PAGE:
Softwood Lumber – Some Lessons from the Last Softwood (Lumber IV) Dispute


  • Elaine Feldman University of Ottawa



The checkered history of softwood lumber disputes between Canada and its southern neighbour stretches back to the 1800s, with five of them occurring since 1982. Two years ago, the settlement obtained in 2006 expired and most Canadian softwood lumber exporters now face a combined countervailing and anti-dumping duty rate from the Americans of around 27 per cent. On the surface, the last dispute, known as Lumber IV, appeared to be a squabble over subsidization and dumping of Canadian softwood lumber exports. However, closer scrutiny revealed that this dispute was really about commercial interests triumphing over policy – the U.S. lumber industry wanted to ensure it kept a certain share of the market at the highest price possible. Complicating attempts to resolve any dispute is the fact that Canada is not a single entity in the lumber business; interest in quota or duties varies across regions as do the countervailing (CVD) and anti-dumping (AD) rates that the U.S. imposes on particular Canadian producers. These variations thus create almost a divide-and-conquer situation in which one group of producers feels others are getting an advantage. The Canadian industry instead should be standing together as much as possible, creating a united front in any dispute with the U.S. Drafting new policy and resorting to litigation to settle Lumber IV failed because the potential settlement got bogged down by the drawbacks of both of those routes. Policy failed because it quickly became clear that the U.S. was going to act with impunity to determine whether there was a subsidy, regardless of what the trade rules permitted. And litigation created an endless loop in which contradictory rulings were handed back and forth between NAFTA panels and the U.S. International Trade Commission, stalling any resolution. Lumber IV also taught the Canadians that taking their complaints to both NAFTA and the World Trade Organization, which does not order a refunding of wrongly collected duties, only further muddied the hoped-for outcome. It took political will on the part of both the U.S. and Canada to finally reach a solution. Nevertheless, Chapter 19 of NAFTA played a key role in establishing the 2006 softwood lumber accord between the U.S. and Canada, and the return to Canada of approximately $4 billion of the $5 billion worth of duties deemed to have been wrongly collected by the Americans. A renegotiation of NAFTA that would see the elimination of Chapter 19, which the U.S. has called for, would make the settlement of Lumber V much more difficult, politicized and litigious. The absence of Chapter 19 could also threaten other Canadian industries should the U.S. proceed with industry requests to impose CVD and/or AD duties (Boeing and its complaint against Bombardier being the most recent example).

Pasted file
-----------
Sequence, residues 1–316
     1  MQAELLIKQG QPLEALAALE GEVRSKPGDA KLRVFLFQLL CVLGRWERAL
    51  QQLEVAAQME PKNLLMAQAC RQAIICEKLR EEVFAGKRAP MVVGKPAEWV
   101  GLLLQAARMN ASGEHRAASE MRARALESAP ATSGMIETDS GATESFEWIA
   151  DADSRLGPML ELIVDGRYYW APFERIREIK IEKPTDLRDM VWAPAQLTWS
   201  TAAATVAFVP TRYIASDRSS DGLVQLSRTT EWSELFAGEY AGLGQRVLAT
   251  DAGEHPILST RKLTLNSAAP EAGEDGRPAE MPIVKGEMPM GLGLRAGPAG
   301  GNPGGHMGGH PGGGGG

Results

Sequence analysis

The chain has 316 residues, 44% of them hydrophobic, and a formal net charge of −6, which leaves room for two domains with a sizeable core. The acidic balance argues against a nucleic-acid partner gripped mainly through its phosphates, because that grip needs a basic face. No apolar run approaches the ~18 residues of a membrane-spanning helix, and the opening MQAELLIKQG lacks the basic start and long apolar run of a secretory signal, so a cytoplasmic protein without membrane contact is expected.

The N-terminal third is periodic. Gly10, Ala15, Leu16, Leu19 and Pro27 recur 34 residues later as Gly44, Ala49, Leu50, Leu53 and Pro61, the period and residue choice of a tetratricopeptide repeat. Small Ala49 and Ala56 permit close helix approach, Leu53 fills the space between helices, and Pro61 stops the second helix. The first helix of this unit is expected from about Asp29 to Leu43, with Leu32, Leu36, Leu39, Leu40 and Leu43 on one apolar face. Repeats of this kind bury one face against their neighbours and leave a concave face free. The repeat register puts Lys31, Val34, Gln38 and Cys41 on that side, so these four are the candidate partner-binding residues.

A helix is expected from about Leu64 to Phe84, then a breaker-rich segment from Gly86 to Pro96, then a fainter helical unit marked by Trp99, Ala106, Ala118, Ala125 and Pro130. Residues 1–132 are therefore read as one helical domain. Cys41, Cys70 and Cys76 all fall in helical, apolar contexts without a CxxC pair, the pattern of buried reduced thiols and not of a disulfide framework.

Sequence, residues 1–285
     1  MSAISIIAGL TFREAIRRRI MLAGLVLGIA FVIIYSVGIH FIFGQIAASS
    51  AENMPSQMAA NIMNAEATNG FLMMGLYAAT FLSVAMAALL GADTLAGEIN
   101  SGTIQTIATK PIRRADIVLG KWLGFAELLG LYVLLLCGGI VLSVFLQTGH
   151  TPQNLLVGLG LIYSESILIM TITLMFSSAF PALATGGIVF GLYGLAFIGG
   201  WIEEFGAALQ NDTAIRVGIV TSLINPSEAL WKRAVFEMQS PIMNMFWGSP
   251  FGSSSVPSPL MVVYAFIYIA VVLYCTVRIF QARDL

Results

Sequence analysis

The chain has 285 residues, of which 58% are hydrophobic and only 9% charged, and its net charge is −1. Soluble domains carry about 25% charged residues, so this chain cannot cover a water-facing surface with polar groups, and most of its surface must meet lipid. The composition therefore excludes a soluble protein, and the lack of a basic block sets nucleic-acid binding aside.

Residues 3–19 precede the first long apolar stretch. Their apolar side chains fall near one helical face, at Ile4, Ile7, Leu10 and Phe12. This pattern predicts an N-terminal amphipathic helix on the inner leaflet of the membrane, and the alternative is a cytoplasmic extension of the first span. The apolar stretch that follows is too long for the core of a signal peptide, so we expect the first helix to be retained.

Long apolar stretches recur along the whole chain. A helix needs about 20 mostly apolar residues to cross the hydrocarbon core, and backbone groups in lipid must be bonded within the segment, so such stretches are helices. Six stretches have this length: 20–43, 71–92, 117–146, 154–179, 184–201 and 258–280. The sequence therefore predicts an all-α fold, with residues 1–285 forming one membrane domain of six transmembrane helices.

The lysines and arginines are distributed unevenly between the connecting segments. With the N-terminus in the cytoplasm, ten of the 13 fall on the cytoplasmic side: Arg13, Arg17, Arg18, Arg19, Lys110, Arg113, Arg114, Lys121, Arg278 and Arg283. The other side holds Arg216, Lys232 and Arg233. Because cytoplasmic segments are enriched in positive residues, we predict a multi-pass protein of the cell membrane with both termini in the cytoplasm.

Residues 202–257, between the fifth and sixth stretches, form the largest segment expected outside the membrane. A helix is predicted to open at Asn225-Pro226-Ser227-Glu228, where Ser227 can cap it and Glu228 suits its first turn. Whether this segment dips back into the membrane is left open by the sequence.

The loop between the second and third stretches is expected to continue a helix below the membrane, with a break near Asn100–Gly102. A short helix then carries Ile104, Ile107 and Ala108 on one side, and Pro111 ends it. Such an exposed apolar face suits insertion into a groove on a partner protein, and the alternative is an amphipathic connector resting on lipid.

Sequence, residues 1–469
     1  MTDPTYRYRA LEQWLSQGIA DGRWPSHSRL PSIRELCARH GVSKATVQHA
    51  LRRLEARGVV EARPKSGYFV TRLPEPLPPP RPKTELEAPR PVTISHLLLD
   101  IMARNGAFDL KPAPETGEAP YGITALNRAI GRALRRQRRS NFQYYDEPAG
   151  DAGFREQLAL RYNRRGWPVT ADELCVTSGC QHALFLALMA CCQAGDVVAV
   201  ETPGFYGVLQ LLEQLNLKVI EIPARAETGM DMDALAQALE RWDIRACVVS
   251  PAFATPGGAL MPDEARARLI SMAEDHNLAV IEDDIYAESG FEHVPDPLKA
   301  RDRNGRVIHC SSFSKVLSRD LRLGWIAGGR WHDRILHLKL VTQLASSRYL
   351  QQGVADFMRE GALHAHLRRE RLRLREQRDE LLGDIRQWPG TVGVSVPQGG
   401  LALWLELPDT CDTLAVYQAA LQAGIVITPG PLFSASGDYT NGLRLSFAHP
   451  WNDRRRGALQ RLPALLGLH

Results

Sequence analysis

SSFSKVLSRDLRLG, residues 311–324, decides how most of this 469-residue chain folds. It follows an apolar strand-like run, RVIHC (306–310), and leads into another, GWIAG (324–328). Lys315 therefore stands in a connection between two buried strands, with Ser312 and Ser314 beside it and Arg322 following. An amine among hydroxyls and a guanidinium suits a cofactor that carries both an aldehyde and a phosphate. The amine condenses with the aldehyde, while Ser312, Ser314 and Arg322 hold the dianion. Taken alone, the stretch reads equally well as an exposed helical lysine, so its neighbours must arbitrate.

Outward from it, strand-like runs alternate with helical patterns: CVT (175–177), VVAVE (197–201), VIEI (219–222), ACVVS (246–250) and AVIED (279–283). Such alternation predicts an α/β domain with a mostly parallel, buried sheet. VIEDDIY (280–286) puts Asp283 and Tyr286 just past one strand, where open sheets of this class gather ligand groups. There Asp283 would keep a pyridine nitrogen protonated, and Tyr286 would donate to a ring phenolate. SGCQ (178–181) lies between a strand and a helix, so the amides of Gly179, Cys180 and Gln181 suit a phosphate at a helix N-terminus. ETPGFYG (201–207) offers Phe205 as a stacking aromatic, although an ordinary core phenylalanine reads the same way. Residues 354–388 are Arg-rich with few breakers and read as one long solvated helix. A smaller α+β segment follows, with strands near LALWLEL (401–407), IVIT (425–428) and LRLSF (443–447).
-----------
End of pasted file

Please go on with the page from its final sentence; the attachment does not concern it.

Briefing Papers